Democratic Reps. Mikie Sherill of New Jersey and Alexandria Ocasio-Cortez on New York.
Tom Williams/CQ-Roll Call and Saul Loeb/AFP via Getty Images
- The House passed a bill to extend Supreme Court police protections to justices’ family members.
- The vote comes over a month after it quickly passed the Senate and just days after a man threatened to kill Brett Kavanaugh.
- 27 Democrats voted no, largely because they believed the bill should’ve included other provisions.
The House of Representatives on Tuesday passed a bill by a 396 – 27 vote margin that will extend Supreme Court police protection to family members of the nine justices.
The Senate easily passed the bill via unanimous consent over one month ago following the leak of a draft opinion revealing that the high court is poised to revoke the constitutional right to an abortion originally set forth in Roe v. Wade in 1973. Security barriers have since been erected around the Supreme Court building.
Tuesday’s vote also comes days after a man was arrested after threatening to kill Justice Brett Kavanaugh. Some Republicans have since sought to blame Senate Majority Leader Chuck Schumer for the incident, pointing to comments he made on the steps of the building over two years ago.
Following the incident, Senate Minority Leader Mitch McConnell declared last Wednesday that the Democratic-controlled House must pass the bill “before the sun sets today.”
The House had been delayed in taking up the bill in part because Democrats insisted on extending the security protections to Supreme Court clerks and staffers as well. Republican Sen. John Cornyn of Texas — one of the authors of the bill — took issue with that, arguing last month that the House version of the bill contained “divisive provisions,” including “potentially extending police protection to the very person who leaked the draft opinion.”
The House ultimately passed the Senate version on Tuesday, with 27 House Democrats voting against the bill. They included a smattering of progressives who were reportedly dissatisfied that the bill was not tied to legislation from Rep. Veronica Escobar of Texas that would protect abortion providers, according to Politico.
Democratic Rep. Alexandria Ocasio Cortez of New York told The Washington Post that the bill sends the wrong message amid lack of broader action on gun control.
“I think that it is just preposterous how quickly this body will move to protect itself and how slowly we move to protect children and people in grocery stores,” she told The Post. “I do not believe in saying that this is a big club and the American people aren’t in it.”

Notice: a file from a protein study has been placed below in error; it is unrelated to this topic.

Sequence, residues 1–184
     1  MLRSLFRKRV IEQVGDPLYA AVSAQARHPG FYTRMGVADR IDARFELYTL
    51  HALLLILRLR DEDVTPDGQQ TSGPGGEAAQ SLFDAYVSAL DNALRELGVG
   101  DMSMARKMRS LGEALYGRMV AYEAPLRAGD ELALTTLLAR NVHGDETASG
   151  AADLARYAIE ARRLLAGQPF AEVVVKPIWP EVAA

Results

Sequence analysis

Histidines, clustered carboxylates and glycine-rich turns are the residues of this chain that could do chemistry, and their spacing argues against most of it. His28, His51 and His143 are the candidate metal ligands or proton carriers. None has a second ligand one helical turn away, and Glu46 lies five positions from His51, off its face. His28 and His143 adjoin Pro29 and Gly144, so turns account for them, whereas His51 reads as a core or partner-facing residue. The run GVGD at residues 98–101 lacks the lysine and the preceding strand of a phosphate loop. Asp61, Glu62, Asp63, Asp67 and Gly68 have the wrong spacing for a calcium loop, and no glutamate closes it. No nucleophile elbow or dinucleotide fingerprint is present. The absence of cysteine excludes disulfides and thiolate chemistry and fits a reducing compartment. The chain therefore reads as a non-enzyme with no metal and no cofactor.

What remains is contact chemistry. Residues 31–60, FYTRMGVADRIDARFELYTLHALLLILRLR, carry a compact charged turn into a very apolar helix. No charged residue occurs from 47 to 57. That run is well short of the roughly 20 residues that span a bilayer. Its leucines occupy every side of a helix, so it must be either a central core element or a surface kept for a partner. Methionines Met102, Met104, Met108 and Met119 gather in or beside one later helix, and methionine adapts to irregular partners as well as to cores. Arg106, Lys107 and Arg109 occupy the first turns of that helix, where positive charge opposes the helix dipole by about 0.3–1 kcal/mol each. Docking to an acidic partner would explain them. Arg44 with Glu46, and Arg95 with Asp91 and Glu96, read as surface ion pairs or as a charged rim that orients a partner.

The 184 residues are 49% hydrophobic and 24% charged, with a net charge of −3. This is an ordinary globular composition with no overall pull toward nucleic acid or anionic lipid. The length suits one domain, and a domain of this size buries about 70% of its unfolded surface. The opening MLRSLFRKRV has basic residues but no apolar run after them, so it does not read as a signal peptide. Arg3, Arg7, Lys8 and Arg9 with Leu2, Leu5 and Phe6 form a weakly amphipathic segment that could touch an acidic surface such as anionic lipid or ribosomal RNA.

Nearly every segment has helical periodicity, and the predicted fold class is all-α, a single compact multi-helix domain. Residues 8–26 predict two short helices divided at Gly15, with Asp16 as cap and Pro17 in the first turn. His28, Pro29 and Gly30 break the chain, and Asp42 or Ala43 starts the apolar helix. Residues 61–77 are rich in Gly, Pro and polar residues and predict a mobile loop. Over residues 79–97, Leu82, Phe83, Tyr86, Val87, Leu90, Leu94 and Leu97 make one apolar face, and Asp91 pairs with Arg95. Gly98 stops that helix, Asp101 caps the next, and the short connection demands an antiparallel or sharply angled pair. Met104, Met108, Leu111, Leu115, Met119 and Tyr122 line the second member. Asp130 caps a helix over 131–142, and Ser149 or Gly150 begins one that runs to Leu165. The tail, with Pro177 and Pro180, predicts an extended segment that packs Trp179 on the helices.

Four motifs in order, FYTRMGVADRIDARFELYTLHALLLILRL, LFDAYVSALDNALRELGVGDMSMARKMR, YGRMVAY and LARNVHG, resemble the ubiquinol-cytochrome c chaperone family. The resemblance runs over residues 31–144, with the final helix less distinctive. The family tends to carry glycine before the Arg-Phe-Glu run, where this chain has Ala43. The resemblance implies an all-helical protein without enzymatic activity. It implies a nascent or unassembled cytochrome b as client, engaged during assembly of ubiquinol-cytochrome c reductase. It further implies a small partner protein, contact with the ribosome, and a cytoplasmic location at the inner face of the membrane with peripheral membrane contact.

Also voting no were seven of New Jersey’s nine members of Congress, who were unhappy since the bill did not include protections for lower court judges;Democratic Rep. Mikie Sherill had introduced a bill that would’ve allowed judges to shield personal information from the public after New Jersey District Judge Esther Salas’ son was shot at their family home in 2020.
“We fully support expanding security for Supreme Court Justices and their families. We also firmly believe that those expanded protections should apply to federal judges and their families, who face similar threats, with less protective resources,” said New Jersey Democratic Reps. Sherill, Josh Gottheimer, Tom Malinowski, Albio Sires, Bill Pascrell, and Bonnie Watson Coleman in a joint statement following the vote.
“We stood alongside our friend Judge Esther Salas and voted no today because we could not support passing legislation that continues to ignore the pleas of all federal judges for greater security,” they added. “Federal judges regularly face threats to their safety as well as their families due to their work to protect our communities and our democracy.
House Democrats who voted against the bill include:
- Mikie Sherill of New Jersey
- Albio Sires of New Jersey
- Josh Gottheimer of New Jersey
- Tom Malinowski of New Jersey
- Bill Pascrell of New Jersey
- Donald Payne of New Jersey
- Bonnie Watson Coleman of New Jersey
- Jamaal Bowman of New York
- Alexandria Ocasio-Cortez of New York
- Nydia Velázquez of New York
- Adriano Espaillat of New York
- Joyce Beatty of Ohio
- Cori Bush of Missouri
- Veronica Escobar of Texas
- Sylvia Garcia of Texas
- Raul Grijalva of Arizona
- Stephen Horsford of Nevada
- Pramila Jayapal of Washington
- Barbara Lee of California
- Norma Torres of California
- Maxine Waters of California
- Marie Newman of Illinois
- Chuy García of Illinois
- Ed Perlmutter of Colorado
- Ayanna Pressley of Massachusetts
- Rashida Tlaib of Michigan
- Brenda Lawrence of Michigan
Read the original article on Business Insider